In making the decision to decline the trade to Edmonton, Heatley had thought that he would paint Bryan Murray into a corner:Â either trade him to New York, or pay the $4 million signing bonus himself.Â Â Instead, Heatley unintentionally painted himself into a corner.Â Â A cardinal rule in any sports league is once you have agreed to a trade, and the deal is in play, you do not put your team on the spot by backing out.Â What Heatley did was leave his loyalty, professionalism and ethics open to question, and GMs all around the league – including Sather – were now questioning them openly.
(12) Last Chance For Romance
With Sather exiting gracefully from the fray, Heatley is now left with another pair of options: (a) accept the trade to Edmonton — which is remarkably somehow still on the table, or (b) refuse the trade in the hopes that another trade can be made at a later date. Â Murray is said to be examining the signing bonus line by line to find any loopholes or opt-out options, should Heatley decide (again) not to go to Edmonton.Â Â Oilers’ brass are said to be meeting with Heatley tonight in an attempt to convince him to accept the trade.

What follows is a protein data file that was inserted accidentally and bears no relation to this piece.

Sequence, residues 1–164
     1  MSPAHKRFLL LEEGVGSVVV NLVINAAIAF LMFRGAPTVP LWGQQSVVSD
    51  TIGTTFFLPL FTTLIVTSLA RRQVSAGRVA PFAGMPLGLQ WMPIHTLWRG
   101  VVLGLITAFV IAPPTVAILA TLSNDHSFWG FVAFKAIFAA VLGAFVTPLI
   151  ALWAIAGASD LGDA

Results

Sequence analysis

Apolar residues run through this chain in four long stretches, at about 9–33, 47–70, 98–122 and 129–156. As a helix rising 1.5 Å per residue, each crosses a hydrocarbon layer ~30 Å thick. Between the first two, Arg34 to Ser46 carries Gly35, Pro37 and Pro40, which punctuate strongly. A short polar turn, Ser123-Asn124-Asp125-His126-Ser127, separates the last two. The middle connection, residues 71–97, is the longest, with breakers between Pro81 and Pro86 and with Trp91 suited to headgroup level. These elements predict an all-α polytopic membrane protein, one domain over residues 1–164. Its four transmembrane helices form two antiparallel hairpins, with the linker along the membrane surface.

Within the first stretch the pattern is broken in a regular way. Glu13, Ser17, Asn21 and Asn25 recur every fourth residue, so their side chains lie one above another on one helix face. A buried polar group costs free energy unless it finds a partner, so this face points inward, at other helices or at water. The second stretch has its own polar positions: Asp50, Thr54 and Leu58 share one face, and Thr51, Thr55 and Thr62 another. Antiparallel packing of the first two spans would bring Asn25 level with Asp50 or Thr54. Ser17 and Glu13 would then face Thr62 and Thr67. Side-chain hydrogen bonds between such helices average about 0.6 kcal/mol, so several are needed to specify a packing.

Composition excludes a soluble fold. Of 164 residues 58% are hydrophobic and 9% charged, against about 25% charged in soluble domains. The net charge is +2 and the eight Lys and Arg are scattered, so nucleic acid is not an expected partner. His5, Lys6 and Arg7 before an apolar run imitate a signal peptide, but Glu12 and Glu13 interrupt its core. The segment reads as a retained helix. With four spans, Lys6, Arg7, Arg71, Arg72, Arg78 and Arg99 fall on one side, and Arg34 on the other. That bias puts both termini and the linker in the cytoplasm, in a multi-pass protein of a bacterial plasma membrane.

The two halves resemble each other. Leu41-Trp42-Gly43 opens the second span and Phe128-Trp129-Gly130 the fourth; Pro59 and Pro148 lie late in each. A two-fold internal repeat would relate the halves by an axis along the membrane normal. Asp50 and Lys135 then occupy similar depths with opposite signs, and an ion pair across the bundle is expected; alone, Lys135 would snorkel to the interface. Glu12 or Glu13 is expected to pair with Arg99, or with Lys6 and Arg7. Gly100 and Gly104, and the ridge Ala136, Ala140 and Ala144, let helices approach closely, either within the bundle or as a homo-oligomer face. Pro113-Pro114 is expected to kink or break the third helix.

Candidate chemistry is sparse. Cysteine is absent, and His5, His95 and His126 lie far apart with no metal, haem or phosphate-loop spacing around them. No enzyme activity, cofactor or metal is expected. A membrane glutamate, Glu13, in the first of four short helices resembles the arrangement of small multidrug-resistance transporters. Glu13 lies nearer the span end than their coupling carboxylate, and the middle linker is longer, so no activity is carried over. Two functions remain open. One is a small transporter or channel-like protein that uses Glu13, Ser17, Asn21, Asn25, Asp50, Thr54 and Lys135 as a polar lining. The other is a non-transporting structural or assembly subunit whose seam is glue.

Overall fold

And … Heatley again refused to waive his NMC to complete the deal, saying he did not want to accept a trade on the Senators’ timetable.
What is the next twist in this strange and bizarre saga?
No deal has been reached, which means Murray is going to have to scramble if he is to find a way out of the bonus.
Odds are he ends up paying Heatley, at which point Heatley gladly accepts the trade.Â Even though he would have gotten the bonus anyway had he accepted the deal earlier, Edmonton would have been paying it, not Ottawa.Â Â Word around the campfire is Heatley wants to ensure – for whatever reason (pick one: I earned it in Ottawa, Murray didn’t try hard enough to deal me, I am sure there were offers I was not told about) – that it is the Senators who pay that bonus.
Just when you thought there couldn’t possibly be any more twists to this … Heatley found another.Â Stay tuned, this thing’s only just beginning.
From a source:
“Heatley and Barry just got bit in the ass. Daly has sided with the Senators in that they can file a grievance against both. It would allow Edm to pay the $4m back to the Sens.Â The league will be sending all teams the grievance info and all the info on the Heatley situation so this doesn’t happen again in the future.”
More updates will be added if I hear anything else.Â This is fascinating.